For Roger Orr, the secret to successful crab trapping in James Bay — an unusual feat — was largely in the bait.
“I eat Klik. I go hunting and it’s a handy thing to have. It’s got a lot of fat,” said Orr, referring to the canned meat. Orr owns the Retro Daze Café in Chisasibi, Que., the largest of the Cree communities located about 1,400 kilometres north of Montreal.
“[I thought to myself] I bet crabs would get attracted to this because it’s got salt and grease,” he said.
Sure enough, they were.
Just how much they liked it though, would take a while to discover.
In mid-August, after years of hearing about the presence of crabs in James Bay and several weeks of being somewhat obsessed with trap designs, bait combinations and sonar searching for spots to lower the traps, Orr and his friend Bertie Wapachee, who also runs the local business development centre, found a crab.
To actually hold one, it was like landing on the moon.– Roger Orr, Chisasibi business owner
“[It was] absolute excitement … like just a feeling of victory and success,” said Orr, who put the bait into old sweat socks to keep the sea lice from eating it.
“You worked so hard at something [and] to actually hold one, it was like landing on the moon.”
After years of watching Discovery Channel reality shows like Cold Water Cowboys and Deadliest Catch, Orr was hooked.
“As a people, we never had a reason to be out that far [in the bay] trying to harvest because everything we needed was in the shallows, right along the coast,” said Orr.
“Ever since I was a kid, I always wondered what was out there … who knows what else is out there?”
Wildlife biologist says catch ‘really new and interesting’
For Félix Boulanger, a wildlife management biologist with the Eeyou Marine Region Wildlife Board (EMRWB), news that a crab had been found in the bay was exciting.
“It came as really new and interesting information for us,” said Boulanger from his office in Waskaganish, Que. The board was created after the signing of the Eeyou Marine Region Land Claims Agreement with the federal government in 2010.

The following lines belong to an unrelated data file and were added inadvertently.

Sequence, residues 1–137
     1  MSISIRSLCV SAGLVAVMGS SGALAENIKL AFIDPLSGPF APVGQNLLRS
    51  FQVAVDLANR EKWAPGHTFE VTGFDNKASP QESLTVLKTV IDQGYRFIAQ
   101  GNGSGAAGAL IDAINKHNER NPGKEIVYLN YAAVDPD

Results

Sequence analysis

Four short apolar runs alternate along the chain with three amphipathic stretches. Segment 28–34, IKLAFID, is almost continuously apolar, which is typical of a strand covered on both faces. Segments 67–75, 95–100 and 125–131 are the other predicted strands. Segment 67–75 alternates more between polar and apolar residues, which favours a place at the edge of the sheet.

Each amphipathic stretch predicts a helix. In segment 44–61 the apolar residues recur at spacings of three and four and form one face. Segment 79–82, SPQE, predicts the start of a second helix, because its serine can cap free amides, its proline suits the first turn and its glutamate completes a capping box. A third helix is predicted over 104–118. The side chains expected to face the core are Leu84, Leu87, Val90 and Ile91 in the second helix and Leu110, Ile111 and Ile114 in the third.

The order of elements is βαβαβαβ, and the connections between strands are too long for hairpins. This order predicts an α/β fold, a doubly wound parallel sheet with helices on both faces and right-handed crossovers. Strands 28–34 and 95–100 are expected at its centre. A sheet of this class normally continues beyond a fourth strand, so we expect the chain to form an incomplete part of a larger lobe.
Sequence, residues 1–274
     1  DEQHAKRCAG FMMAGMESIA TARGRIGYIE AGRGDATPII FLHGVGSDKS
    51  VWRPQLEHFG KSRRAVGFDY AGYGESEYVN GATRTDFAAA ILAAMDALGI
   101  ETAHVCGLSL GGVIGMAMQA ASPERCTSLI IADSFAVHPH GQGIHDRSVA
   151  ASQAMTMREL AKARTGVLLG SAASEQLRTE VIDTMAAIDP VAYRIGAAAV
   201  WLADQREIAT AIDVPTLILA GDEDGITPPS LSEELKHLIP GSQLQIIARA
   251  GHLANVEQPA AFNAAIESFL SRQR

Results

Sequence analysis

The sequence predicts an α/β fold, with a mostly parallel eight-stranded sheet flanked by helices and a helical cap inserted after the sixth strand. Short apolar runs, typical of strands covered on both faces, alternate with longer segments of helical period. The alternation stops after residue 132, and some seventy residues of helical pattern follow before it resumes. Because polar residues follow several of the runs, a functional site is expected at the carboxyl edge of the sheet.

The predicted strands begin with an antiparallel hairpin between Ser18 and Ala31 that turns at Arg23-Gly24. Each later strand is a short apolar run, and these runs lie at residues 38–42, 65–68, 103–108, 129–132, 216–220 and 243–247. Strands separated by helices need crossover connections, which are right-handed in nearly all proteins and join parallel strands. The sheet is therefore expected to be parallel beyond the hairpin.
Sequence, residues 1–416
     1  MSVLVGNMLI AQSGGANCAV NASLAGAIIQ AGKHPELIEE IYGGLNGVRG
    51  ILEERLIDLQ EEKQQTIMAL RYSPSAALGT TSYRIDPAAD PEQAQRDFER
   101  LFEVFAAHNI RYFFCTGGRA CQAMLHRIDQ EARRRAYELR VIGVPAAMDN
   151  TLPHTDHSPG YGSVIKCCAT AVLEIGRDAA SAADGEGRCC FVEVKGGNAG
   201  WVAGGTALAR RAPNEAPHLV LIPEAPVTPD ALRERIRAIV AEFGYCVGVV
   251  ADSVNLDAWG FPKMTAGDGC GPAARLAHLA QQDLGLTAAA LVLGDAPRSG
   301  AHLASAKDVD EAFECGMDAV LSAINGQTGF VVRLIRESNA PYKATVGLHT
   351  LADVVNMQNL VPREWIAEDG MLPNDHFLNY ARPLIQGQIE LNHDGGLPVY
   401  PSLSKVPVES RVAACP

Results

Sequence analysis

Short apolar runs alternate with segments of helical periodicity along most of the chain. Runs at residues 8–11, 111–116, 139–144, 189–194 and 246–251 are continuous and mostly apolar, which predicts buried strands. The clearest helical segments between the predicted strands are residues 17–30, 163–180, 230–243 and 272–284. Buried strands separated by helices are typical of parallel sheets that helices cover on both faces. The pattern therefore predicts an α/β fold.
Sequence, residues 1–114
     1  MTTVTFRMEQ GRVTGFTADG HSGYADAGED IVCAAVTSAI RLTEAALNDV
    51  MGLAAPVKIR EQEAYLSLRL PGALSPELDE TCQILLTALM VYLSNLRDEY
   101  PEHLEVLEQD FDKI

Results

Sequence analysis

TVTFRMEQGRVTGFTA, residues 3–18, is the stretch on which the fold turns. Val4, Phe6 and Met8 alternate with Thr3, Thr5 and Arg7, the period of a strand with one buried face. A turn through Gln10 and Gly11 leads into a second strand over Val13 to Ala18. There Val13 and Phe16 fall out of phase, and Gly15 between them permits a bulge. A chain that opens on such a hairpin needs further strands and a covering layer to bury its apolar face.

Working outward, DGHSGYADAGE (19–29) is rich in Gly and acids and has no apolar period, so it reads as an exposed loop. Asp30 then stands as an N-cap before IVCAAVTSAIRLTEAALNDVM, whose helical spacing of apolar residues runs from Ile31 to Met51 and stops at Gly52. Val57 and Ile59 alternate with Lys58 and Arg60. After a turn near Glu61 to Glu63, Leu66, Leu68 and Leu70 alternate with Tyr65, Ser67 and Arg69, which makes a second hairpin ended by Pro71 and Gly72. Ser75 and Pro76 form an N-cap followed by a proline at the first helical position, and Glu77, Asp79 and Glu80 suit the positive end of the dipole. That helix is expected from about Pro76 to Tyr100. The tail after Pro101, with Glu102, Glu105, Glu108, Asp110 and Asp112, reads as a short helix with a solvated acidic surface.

While not a crab expert, Boulanger said what Orr and Wapachee pulled from the water appears to be what’s known as a toad crab. He said it is typically smaller and more elongated than the more popular snow crab. He added the toad crab is increasingly harvested in the Atlantic region of Canada.
Boulanger said the presence of crabs in James Bay is not very well documented at the moment and getting a better understanding of it and other wildlife in the bay is a priority and a large part of the mandate of the EMRWB.
That first crab that Orr and Wapachee found was about 30 metres under water, about 10 kilometres off the shore of Fort George Island, which is near Chisasibi.
A week later Orr brought up a second crab and knew they were on to something.
“I knew these crabs wouldn’t be here, they wouldn’t survive, if these were the only crabs in James Bay,” said Orr, who made still more modifications to his trap design and kept searching for other potential sites.
Last weekend, on what was the last run of the summer, Orr and his nephew hit the jackpot, bringing up a total of 28 crabs in two traps.
WATCH | Orr and his nephew show off their crab catch:
Of this catch, Orr kept a few of the larger males and made himself a special supper.
“They were delicious,” said Orr. “They didn’t have a lot of meat, [but] it was really quite the experience. They were sweet.”
Orr is the process of buying a bigger boat so he can more safely explore the deeper waters of the bay. He said he will continue to trap crabs, but said he doesn’t have plans at this point to add it to the menu at his restaurant.
The Chisasibi Business Service Centre strategic plan includes a project to explore the bay for sustainable commercial fishery possibilities.